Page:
Restaurants pick fresher background music to lure younger diners
Frank Sinatra and Dean Martin have crooned through the speakers of Olive Garden dining rooms for years. Lately, though, diners at the Italian chain have been hearing Adele, David Bowie and U2.
Some casual-dining restaurants are undergoing musical makeovers as they try to attract more cash and customers — especially younger ones — by playing cooler tunes.
Olive Garden and Red Lobster, owned by Orlando, Fla.-based Darden Restaurants, recently revamped their soundtracks.
Winter Park, Fla.-based Sonny's BBQ is replacing its mostly country lineup with one heavier on blues and rock 'n' roll. Tony Roma's is aiming for a more familiar sound with its new mix of '90s alternative and today's Top 40.
To lure a generation that constantly shares the latest releases online, restaurants can't keep offering the same old song and dance, branding experts say. Changing a restaurant's music can signal to consumers it is keeping up with the times, said Ron Boucher, creative director at the Orlando branding agency Push.
“Knowing what's now and cool, it lends sort of an air of credibility,” said Boucher, whose company has worked with chains including Sonny's. “You're not stuck in your heyday of 1988 or whatever.”
In many cases, a shift in sound accompanies a larger overhaul of an aging brand. Olive Garden, for example, is reinventing itself as it tries to reverse declining sales. Its changes include remodeling, new server uniforms and trendier dishes. Adding soft rock, pop and modern Italian songs was a natural extension of that, said Jay Spenchian, Olive Garden's executive vice president of marketing.
Singers such as Sinatra still waft through the speakers but not nearly as often. Spenchian said the idea is “to send a different message and signal about Olive Garden and bring it more up to date.”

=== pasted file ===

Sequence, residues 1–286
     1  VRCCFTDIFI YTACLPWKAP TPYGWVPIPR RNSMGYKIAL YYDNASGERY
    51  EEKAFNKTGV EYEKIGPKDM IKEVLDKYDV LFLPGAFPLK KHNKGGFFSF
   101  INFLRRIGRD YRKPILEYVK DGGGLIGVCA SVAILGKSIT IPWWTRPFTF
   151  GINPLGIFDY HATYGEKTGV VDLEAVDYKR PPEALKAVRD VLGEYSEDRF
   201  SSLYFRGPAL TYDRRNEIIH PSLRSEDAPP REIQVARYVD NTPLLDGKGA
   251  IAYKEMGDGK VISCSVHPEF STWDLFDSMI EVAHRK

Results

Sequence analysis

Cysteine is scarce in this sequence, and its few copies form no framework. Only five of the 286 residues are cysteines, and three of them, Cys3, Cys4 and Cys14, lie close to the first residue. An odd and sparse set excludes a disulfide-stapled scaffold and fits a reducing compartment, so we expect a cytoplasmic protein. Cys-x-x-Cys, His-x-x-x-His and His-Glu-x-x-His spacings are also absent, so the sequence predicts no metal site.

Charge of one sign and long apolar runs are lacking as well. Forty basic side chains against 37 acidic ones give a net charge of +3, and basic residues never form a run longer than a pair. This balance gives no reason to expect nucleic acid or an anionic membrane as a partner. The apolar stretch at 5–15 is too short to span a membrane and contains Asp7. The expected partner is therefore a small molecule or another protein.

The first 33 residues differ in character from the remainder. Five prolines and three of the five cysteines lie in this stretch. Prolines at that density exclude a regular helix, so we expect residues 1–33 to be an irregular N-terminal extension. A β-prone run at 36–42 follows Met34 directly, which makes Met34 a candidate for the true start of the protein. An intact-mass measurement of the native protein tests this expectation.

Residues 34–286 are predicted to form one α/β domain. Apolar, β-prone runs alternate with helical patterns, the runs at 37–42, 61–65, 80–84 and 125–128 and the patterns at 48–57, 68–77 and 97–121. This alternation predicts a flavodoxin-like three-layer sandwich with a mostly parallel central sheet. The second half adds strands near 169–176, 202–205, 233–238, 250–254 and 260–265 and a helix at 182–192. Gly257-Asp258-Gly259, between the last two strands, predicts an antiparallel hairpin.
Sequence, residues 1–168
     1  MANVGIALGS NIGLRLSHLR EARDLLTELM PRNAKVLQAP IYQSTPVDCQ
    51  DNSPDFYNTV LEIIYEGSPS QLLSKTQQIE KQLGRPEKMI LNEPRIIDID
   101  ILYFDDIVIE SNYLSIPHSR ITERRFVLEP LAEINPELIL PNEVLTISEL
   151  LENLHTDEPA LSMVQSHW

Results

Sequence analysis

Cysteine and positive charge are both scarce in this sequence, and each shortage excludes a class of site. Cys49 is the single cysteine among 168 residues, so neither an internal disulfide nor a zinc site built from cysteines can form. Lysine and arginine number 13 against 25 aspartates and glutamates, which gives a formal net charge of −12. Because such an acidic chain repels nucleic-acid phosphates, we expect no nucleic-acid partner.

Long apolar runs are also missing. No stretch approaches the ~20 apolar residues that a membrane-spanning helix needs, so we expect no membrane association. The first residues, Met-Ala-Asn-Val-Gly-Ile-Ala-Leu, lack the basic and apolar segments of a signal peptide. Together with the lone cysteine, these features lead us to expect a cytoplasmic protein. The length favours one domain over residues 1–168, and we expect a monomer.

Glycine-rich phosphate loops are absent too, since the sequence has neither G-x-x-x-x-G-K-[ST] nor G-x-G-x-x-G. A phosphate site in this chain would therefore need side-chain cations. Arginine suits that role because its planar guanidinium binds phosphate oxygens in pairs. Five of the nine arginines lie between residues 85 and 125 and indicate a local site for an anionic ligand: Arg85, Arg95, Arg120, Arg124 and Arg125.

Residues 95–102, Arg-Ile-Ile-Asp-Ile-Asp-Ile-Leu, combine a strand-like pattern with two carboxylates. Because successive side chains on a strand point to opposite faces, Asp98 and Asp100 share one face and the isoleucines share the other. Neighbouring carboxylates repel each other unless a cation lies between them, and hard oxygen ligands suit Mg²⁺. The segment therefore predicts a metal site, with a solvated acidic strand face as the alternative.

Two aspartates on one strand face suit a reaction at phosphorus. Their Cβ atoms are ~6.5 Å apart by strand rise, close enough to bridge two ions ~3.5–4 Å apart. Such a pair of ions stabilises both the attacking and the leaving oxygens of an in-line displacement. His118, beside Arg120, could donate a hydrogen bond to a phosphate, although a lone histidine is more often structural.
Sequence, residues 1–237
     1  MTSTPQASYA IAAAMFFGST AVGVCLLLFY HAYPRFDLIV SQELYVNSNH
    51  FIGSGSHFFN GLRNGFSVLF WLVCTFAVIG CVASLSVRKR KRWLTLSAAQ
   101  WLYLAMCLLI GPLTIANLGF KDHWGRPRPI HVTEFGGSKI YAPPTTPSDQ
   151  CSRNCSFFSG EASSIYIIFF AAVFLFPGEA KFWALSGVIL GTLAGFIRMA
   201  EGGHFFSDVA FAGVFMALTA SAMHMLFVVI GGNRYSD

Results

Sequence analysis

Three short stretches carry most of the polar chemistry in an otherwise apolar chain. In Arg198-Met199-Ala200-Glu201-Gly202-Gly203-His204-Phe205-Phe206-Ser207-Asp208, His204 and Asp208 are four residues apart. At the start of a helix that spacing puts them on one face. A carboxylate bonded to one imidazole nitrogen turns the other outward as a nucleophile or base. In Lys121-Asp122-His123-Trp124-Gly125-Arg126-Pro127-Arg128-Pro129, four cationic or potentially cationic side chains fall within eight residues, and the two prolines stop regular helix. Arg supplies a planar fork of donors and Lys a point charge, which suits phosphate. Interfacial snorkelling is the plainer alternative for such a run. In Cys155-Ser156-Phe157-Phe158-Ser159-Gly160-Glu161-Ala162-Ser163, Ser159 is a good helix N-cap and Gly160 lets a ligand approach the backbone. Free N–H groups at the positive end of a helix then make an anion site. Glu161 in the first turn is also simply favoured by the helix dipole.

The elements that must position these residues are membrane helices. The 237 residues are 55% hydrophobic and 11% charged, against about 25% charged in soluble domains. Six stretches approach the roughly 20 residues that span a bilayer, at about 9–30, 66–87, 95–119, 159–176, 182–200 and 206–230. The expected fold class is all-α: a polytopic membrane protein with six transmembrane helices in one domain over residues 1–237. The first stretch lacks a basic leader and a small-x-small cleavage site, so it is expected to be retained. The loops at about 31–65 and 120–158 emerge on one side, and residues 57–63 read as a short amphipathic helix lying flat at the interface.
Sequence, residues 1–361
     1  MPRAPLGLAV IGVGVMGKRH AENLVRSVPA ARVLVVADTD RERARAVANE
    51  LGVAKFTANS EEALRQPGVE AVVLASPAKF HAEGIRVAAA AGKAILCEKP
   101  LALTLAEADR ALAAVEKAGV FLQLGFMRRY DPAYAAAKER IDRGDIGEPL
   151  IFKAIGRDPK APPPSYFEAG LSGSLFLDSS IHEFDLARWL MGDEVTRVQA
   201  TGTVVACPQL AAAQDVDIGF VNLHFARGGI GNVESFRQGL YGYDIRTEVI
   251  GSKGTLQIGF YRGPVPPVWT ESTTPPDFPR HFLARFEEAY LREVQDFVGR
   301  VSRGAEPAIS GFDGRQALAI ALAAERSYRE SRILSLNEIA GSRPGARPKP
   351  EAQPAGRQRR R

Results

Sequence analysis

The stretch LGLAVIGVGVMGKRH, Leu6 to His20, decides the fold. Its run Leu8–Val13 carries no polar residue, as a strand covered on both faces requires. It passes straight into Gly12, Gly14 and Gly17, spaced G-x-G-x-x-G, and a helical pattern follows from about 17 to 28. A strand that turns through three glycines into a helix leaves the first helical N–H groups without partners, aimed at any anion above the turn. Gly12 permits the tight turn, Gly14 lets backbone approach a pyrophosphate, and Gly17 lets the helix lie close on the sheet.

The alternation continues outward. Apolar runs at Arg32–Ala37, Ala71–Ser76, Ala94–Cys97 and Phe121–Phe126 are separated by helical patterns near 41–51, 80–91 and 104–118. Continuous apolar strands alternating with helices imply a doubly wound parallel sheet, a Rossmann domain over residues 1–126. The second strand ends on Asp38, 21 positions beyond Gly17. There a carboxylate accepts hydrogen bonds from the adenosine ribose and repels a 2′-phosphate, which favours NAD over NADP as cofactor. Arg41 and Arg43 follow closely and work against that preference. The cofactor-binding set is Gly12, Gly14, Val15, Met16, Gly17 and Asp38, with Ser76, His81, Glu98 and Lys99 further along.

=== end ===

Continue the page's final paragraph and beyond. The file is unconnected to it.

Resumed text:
Like many other chains, Olive Garden hired an outside company to develop its new sound, which Spenchian said is meant to evoke “a feeling where it's an Italian gathering place.” It tested songs in some restaurants. And Olive Garden executives kicked back some music — for example, dance tracks that Spenchian described as “a little too frenetic.”
“If you've got Lady Gaga in there, I just don't think that's what an Olive Garden guest would expect right now,” he said.
The 1,000-title playlist will be updated every couple of months to keep it fresh. Tempos vary depending on the time of day, with lunchtime calling for more upbeat music to match the pace of diners on the go.
Olive Garden's sister chain Red Lobster has replaced an easy-listening soundtrack with a faster-paced one featuring more current hits. Now customers will hear “Rumor Has It” by Adele and “Mirrors” by Justin Timberlake. Spokeswoman Heidi Schauer described the mix in an email as “more vibrant, relevant and energetic.”
Tony Roma's played jazz and Rat Pack-era tunes for years. Recently, though, it switched to a soundtrack more recognizable to patrons in their 30s and 40s. The playlist includes “Lips Like Sugar” by Echo & the Bunnymen and “Good Life” by One Republic.